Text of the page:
Md. plan for more nurses unveiled

The Baltimore Sun

In an effort to ease a worsening nursing shortage, state hospital and university leaders announced an ambitious plan yesterday to double the number of registered nurses educated in Maryland in two years.

Without intervention, Maryland is predicted to be short 10,000 nurses in 10 years, just as the population of baby boomers requires an increased level of medical care, the Maryland Hospital Association said.

There's no lack of interested candidates.

But the state's nursing schools have had to turn away nearly half of all qualified applicants in recent years, as colleges struggle to hire enough teaching professionals from the field to meet that demand.

The new plan would initially create spots for about 1,800 new students in 2009, raising the total of those studying at the state's nursing schools each year to 3,800.

To reach that goal, Maryland's colleges and universities will need to hire 360 more faculty members, offering better salaries to compete with the higher rates nurses are paid in the clinical setting, the hospital association said.

"Many of our graduates earn more, as a starting salary, than the faculty who taught them," said Carol D. Eutis, dean of the health professions school at the Community College of Baltimore County, who spoke at a news conference held at the Maryland Hospital Association in Elkridge yesterday.

The program is projected to cost $59 million in its first two years. Officials plan to ask the state to foot two-thirds of the bill and hope private foundations will underwrite the rest.

But as the General Assembly grapples in special session with Maryland's projected $1.7 billion budget shortfall, securing new state money could prove an obstacle.

"We're going to need additional state funding," said Cal Pierson, president of the Maryland Hospital Association. "We can't afford not to do this."

Gov. Martin O'Malley's had not reviewed the plan yesterday afternoon. But spokeswoman Christine Hansen said the governor would work with the hospital association on the issue.

With O'Malley's proposed tax increases and stated commitment to health care, the dean of the University of Maryland School of Nursing said she is confident the money will be made available.

"It's a hot topic," Dean Janet Allan said. "It's a very good time for us to approach the governor."

Doubling the number of nurses taught in 2009 won't entirely eliminate the state's deficit, proponents of the plan said. But it should cut the vacancy rate to a manageable 6 percent to 8 percent by 2016, a big improvement over last year's 13 percent, the hospital association said.

"No one has a zero percent vacancy rate, in any business," Allan said.

Based on the current numbers, hospitals statewide would hit a 17 percent nurse vacancy rate within 10 years if nothing is done, Pierson said.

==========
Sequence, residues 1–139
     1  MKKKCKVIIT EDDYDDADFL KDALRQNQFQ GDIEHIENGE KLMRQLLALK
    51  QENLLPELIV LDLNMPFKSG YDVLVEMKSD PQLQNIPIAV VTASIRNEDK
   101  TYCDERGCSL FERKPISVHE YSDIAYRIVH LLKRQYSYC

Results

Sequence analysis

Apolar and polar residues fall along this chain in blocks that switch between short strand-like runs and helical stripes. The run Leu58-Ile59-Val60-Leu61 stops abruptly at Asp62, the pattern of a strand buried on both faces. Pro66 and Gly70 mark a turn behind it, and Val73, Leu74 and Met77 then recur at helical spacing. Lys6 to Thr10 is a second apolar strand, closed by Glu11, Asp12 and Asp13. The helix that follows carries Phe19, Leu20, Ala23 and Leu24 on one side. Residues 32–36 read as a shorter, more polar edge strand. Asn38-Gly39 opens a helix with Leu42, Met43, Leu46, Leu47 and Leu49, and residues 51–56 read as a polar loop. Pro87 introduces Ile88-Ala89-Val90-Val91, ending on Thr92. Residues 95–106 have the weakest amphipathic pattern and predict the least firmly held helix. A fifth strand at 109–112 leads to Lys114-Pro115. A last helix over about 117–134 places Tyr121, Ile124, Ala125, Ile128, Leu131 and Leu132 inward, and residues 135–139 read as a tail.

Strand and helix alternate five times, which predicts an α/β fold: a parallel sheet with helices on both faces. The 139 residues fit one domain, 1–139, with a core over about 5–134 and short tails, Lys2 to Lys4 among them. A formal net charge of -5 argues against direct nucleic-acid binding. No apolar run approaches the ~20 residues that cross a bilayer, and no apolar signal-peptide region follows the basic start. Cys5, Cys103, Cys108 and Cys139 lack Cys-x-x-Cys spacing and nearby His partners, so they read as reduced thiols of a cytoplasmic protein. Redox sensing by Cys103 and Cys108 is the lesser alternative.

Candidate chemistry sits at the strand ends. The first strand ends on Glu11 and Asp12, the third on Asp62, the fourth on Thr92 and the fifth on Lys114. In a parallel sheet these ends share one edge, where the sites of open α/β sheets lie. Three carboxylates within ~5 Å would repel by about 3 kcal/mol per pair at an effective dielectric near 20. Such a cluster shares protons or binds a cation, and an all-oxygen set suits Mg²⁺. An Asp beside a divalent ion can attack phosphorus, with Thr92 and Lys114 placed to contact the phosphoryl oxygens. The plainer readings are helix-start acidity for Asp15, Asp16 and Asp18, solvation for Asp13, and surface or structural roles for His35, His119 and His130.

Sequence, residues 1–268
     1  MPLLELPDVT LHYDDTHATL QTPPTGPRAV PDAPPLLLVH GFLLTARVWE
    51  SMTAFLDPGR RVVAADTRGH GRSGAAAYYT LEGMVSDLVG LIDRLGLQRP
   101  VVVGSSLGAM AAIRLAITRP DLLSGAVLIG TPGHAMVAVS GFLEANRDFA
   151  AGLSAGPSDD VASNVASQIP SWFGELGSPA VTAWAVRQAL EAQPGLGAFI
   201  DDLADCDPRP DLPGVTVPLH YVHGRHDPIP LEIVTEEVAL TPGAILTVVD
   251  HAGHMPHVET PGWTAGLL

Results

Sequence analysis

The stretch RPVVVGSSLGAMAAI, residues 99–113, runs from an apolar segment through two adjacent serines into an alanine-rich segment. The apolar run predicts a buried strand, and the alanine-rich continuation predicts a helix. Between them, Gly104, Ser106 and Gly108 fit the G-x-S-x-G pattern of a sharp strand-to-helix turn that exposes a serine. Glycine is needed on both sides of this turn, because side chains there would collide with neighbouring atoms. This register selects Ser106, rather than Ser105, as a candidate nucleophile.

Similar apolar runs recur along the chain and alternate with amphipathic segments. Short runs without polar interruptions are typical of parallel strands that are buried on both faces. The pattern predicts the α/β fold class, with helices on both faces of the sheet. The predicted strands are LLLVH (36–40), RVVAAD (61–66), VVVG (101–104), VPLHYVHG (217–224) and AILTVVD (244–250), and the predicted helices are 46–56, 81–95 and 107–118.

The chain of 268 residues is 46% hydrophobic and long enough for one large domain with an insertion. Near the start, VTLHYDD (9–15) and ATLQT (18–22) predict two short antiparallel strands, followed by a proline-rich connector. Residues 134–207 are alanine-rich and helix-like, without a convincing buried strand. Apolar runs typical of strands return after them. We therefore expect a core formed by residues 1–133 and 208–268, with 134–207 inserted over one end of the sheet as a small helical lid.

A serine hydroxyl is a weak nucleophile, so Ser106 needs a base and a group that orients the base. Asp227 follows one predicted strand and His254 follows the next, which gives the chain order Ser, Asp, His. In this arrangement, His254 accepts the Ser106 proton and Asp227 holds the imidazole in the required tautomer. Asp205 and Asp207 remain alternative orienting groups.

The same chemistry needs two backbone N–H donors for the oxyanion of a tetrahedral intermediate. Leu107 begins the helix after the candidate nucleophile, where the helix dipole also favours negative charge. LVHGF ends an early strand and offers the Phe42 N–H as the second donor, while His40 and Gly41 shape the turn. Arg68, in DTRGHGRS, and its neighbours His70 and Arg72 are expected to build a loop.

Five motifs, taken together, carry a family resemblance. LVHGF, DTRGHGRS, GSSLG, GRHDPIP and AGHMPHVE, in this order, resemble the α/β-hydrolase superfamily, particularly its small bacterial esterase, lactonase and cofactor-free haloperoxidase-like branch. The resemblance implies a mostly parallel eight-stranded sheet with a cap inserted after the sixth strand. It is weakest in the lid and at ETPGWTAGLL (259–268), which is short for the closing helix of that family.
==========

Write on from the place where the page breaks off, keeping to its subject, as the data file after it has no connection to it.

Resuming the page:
Hospital officials also pledged to make more efficient use of the nurses they have. Often a nurse only spends half of an eight-hour shift in direct contact with patients, Allan said.

Filling vacancies with stop-gap measures, by hiring nurses from other countries or through temporary agencies, can no longer keep pace with the rising demand, the hospital association said.

Recruiting more nursing faculty is considered the key long-term solution to reduce the nationwide shortage.

Since nurses must earn a master's degree to teach in Maryland, extra financing should add spots to bachelor's and graduate programs exclusively, said Linda Aiken, a University of Pennsylvania nursing professor and co-director of the National Council on Physician and Nurse Supply.

"That's where the jobs are, that's where the need is and that's how to solve the long-term problem," Aiken said.

A CareFirst BlueCross BlueShield study, conducted by a health policy consulting firm in Princeton, N.J., found that 33,000 qualified applicants were turned down by the country's nursing schools last year due to a lack of educators.

At the University of Maryland alone, about 400 qualified applicants are annually denied admission to the nursing school, Allan said.

Baltimore native Hershaw Davis, 34, was rejected when he applied to the University of Maryland in 2006 for a second bachelor's degree, in nursing. He focused on his grades and volunteer work in the emergency room at Franklin Square Hospital, gaining acceptance last spring.

Now Davis hopes to earn a master's degree and doctorate in nursing, to encourage more students to enter the field.

"As an African-American male, I'm committed to bring in more diversity," Davis said. "Becoming a nurse educator is my long-term goal."

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